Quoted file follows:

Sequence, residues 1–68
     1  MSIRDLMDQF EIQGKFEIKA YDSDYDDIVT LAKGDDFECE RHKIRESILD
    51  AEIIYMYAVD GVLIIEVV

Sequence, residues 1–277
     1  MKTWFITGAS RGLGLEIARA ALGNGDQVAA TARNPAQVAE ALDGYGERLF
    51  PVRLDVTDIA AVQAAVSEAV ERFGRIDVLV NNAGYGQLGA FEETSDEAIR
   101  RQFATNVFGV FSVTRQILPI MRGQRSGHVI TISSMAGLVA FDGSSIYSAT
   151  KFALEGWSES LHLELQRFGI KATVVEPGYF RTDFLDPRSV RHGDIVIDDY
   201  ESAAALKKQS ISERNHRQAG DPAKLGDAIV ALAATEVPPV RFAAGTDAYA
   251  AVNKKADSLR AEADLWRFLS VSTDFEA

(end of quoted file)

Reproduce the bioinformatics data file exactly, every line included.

Sequence, residues 1–68
     1  MSIRDLMDQF EIQGKFEIKA YDSDYDDIVT LAKGDDFECE RHKIRESILD
    51  AEIIYMYAVD GVLIIEVV

Sequence, residues 1–277
     1  MKTWFITGAS RGLGLEIARA ALGNGDQVAA TARNPAQVAE ALDGYGERLF
    51  PVRLDVTDIA AVQAAVSEAV ERFGRIDVLV NNAGYGQLGA FEETSDEAIR
   101  RQFATNVFGV FSVTRQILPI MRGQRSGHVI TISSMAGLVA FDGSSIYSAT
   151  KFALEGWSES LHLELQRFGI KATVVEPGYF RTDFLDPRSV RHGDIVIDDY
   201  ESAAALKKQS ISERNHRQAG DPAKLGDAIV ALAATEVPPV RFAAGTDAYA
   251  AVNKKADSLR AEADLWRFLS VSTDFEA